And who can talk about this aspect better than well-known classical vocalist Shubha Mudgal who has often used music as a platform to speak of social issues? “For decades I received requests to perform and help raise funds for awareness campaigns/social issues. As an artiste I had to decide- Do I just pick from my popular repertoire or include material relevant to the cause? Do I just go and belt out Abb Ke Sawan at an event honouring soldiers martyred in a war, or at an event raising funds for riot victims? Since this issue concerns me I have, over the years, worked on developing a repertoire that addresses specific issues close to my heart including poetry of protest and dissent,” she explains.

While she too credits saint-poet Kabir as the most powerful voice which spoke out against dogmas surrounding formal religion, as early as in the 16th century she underlines how others like Lalleshwari of Kashmir in the 14th century, and Gorakhnath who is believed to have lived in the 11th century have also pioneered in this direction. She feels what Kabir and the poets before him forms a continuum of sorts with a contemporary poetry of Dushyant Kumar or Gopaldas Neeraj. “The continuum is reflected in the fearlessness with which all three raise their voices. The ring of conviction in their work is inspiring, although their concerns may have been very different.”

While Mudgal has performed at several full length concerts dedicated to songs of resistance she admits it is difficult to cite a favourite. “In the recent past, Dushyant Kumar’s ghazal with the following sher /couplet has become a favourite: Tera nizam hai sil de zuban shayar ki / Ye ehtiyat zaruri hai is bahar ke liye. (Despots have always tried to silence poets / to ensure there oppression is not called out) It is acknowledgment of the strength of art and poetry. It represents fearless, courageous freedom that art endows on its believers and practitioners. Written during the Emergency, this ghazal holds true even in the times we live in today.”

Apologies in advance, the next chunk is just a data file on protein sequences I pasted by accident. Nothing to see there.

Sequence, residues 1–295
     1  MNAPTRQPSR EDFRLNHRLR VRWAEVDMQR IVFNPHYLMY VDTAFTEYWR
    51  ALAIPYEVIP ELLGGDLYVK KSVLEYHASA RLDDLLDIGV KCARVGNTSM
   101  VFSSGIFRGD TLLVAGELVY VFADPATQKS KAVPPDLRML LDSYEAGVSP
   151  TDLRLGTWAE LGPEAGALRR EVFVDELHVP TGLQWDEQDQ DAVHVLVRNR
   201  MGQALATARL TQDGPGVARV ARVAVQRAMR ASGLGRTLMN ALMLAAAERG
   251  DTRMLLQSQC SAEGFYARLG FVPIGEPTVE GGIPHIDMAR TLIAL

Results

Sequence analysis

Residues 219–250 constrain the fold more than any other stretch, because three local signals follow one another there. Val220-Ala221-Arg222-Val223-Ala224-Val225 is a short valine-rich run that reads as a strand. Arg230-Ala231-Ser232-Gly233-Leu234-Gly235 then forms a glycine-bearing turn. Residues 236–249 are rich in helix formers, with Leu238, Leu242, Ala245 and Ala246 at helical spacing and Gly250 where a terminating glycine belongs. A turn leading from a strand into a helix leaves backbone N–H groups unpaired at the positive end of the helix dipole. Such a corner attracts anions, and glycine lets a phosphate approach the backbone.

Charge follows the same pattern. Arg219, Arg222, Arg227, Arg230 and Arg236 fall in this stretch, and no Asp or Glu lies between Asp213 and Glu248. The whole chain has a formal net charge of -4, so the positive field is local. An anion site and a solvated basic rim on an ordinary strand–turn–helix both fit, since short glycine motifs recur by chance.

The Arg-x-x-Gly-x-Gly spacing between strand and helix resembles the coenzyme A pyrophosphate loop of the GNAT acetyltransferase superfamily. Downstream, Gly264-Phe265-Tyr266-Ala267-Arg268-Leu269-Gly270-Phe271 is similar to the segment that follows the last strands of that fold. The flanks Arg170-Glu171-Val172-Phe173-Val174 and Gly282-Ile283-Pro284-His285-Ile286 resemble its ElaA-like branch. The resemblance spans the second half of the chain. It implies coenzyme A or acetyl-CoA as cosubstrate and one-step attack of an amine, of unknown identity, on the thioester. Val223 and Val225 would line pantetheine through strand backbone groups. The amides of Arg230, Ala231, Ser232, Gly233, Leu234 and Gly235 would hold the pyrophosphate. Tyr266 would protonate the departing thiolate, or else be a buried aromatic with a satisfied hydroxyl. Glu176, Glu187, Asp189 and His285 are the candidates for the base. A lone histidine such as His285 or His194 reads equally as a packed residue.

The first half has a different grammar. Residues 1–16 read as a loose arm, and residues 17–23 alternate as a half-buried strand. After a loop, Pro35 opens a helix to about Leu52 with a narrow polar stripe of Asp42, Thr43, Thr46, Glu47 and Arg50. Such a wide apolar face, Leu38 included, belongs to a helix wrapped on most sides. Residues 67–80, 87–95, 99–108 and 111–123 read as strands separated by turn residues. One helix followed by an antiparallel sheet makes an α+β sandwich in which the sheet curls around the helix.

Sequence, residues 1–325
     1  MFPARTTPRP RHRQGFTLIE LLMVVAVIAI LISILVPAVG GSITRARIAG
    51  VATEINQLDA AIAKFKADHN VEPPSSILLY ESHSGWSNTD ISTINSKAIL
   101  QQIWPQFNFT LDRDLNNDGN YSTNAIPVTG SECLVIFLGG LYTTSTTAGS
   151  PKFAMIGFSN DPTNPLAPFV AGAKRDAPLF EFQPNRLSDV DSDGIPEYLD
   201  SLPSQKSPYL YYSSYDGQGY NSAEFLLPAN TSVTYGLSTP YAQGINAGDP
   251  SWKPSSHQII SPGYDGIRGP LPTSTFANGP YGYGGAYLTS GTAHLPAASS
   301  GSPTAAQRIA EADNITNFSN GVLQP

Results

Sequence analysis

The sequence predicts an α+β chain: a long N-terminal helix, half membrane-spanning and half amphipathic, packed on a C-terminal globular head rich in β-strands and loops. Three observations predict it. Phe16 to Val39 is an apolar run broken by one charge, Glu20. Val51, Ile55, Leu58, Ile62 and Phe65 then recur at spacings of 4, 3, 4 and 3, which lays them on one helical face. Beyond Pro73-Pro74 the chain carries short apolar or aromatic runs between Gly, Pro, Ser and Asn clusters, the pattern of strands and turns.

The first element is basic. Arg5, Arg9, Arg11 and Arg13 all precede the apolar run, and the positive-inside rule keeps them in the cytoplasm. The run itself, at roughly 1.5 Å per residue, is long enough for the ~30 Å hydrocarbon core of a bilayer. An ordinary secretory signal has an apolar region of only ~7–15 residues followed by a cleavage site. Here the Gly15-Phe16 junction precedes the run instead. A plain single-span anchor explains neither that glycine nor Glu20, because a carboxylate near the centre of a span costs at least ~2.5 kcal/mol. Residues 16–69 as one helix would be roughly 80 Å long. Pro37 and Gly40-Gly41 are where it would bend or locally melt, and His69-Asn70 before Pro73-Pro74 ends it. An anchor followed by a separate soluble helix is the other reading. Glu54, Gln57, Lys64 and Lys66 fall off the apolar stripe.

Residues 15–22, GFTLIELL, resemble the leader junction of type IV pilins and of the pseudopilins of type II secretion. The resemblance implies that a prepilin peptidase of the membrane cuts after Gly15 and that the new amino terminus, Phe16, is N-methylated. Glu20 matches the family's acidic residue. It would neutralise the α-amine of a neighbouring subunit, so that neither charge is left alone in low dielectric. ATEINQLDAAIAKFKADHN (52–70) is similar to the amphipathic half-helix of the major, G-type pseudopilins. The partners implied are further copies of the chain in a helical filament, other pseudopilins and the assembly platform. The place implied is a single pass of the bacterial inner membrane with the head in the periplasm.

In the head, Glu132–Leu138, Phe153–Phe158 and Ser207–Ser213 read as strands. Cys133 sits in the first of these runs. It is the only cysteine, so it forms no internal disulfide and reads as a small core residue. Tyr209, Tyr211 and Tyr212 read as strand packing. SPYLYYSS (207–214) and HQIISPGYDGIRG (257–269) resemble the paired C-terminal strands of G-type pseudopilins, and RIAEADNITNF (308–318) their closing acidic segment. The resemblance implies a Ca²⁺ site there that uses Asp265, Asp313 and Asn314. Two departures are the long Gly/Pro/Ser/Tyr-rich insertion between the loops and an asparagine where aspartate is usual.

Incidentally it is the late Dushyant Kumar’s song which got sung so many times at the Kisan Long March too!

Ho gayi hai peer parvat si, pighalni chaahiye / Is Himalay se koyi Ganga nikalni chahiye

(Sorrow has reached gigantic proportions like mountains, its time a soothing Ganges emerges out to alleviate the pain)

Aaj ye deewar pardon ki tarah hilney lagi / shart lekin thhi, ki yeh buniyaad hilni chahiye

(Yes, the walls have begun to tremble like a sheet of paper but our deal was to get the foundations shaken

Har gali mein, har shahar mein, har nagar, har gaon mein / Haath lehraatee hue, har laash chalni chahiye

(In every alley, road, town and village, every suffering body rise in protest)

Sirf hungaama khada karna mera maqsad nahin / saari koshish hai, ki yeh soorat badalni chahiye

(Rabble rousing is not my aim, my effort is to bring about change.

Mere seene mein nahintoh tere seene mein sahi / Ho kahin bhi aaglekin aag jalni chahiye

(If not in mine, then maybe yours – wherever it may be lit, but the point is that the torch must be lit!)

Resistance goes post-modern

In an era when rock, rap, pop, funk and fusion appeal more easily to larger musical sensibilities, it is no surprise that some are taking songs of resistance to the masses with this genre. One of the prominent names that comes to mind is Kabeer Shakya, who founded India’s first Buddhist rock band – Dhamma Wings. Having been raised in a home that practised Buddhism, the tenets of Gautam Buddha and B R Ambedkar came naturally to him. These philosophies got further crystallised during a short stint at a monastery in Bodh Gaya, Bihar to further learn the principles of Buddhism. “There I thought of making these teachings more accessible. The best way I knew was to weave it into music. While I speak of the larger values of humanity, I take care that the pacifism comes lined with a clear message of resistance and assertion.”